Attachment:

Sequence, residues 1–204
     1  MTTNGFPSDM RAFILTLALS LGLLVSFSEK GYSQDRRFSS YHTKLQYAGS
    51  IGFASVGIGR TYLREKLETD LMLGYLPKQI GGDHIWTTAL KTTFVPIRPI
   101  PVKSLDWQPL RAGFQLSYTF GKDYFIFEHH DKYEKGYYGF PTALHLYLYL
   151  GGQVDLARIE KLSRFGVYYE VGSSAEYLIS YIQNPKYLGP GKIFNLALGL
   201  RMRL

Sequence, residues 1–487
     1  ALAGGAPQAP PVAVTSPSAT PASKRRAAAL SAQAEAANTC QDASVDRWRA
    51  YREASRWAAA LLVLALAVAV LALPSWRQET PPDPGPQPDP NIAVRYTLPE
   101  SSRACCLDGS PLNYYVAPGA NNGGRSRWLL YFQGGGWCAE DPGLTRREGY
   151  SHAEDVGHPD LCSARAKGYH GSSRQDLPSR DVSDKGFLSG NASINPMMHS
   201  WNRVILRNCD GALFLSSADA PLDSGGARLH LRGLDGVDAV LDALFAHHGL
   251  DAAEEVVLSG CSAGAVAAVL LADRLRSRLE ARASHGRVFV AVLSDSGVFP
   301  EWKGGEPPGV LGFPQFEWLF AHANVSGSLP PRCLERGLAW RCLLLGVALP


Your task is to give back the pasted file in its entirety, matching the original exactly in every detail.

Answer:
Sequence, residues 1–204
     1  MTTNGFPSDM RAFILTLALS LGLLVSFSEK GYSQDRRFSS YHTKLQYAGS
    51  IGFASVGIGR TYLREKLETD LMLGYLPKQI GGDHIWTTAL KTTFVPIRPI
   101  PVKSLDWQPL RAGFQLSYTF GKDYFIFEHH DKYEKGYYGF PTALHLYLYL
   151  GGQVDLARIE KLSRFGVYYE VGSSAEYLIS YIQNPKYLGP GKIFNLALGL
   201  RMRL

Sequence, residues 1–487
     1  ALAGGAPQAP PVAVTSPSAT PASKRRAAAL SAQAEAANTC QDASVDRWRA
    51  YREASRWAAA LLVLALAVAV LALPSWRQET PPDPGPQPDP NIAVRYTLPE
   101  SSRACCLDGS PLNYYVAPGA NNGGRSRWLL YFQGGGWCAE DPGLTRREGY
   151  SHAEDVGHPD LCSARAKGYH GSSRQDLPSR DVSDKGFLSG NASINPMMHS
   201  WNRVILRNCD GALFLSSADA PLDSGGARLH LRGLDGVDAV LDALFAHHGL
   251  DAAEEVVLSG CSAGAVAAVL LADRLRSRLE ARASHGRVFV AVLSDSGVFP
   301  EWKGGEPPGV LGFPQFEWLF AHANVSGSLP PRCLERGLAW RCLLLGVALP